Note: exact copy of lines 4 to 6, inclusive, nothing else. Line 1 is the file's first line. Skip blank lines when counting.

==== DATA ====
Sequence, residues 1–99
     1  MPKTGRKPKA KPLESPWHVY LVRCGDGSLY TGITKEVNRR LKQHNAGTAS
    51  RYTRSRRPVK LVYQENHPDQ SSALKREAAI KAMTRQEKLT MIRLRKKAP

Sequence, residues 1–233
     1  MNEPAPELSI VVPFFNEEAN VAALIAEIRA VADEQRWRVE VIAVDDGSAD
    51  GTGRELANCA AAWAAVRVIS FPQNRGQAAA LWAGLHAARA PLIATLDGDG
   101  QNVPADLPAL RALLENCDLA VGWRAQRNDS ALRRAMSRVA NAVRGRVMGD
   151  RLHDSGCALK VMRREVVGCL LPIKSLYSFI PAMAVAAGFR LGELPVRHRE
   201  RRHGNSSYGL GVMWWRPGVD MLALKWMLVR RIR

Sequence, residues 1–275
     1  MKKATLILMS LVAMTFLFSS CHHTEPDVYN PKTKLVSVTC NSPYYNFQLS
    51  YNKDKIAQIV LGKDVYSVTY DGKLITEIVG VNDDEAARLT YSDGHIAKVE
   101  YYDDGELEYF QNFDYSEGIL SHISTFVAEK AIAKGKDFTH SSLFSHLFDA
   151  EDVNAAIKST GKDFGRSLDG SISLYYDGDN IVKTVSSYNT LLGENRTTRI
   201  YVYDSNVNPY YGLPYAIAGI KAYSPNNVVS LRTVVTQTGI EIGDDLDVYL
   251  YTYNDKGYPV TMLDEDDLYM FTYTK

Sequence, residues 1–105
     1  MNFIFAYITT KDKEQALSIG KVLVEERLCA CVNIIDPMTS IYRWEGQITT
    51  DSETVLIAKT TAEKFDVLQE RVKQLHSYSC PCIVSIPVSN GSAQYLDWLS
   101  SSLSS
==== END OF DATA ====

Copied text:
Sequence, residues 1–233
     1  MNEPAPELSI VVPFFNEEAN VAALIAEIRA VADEQRWRVE VIAVDDGSAD
    51  GTGRELANCA AAWAAVRVIS FPQNRGQAAA LWAGLHAARA PLIATLDGDG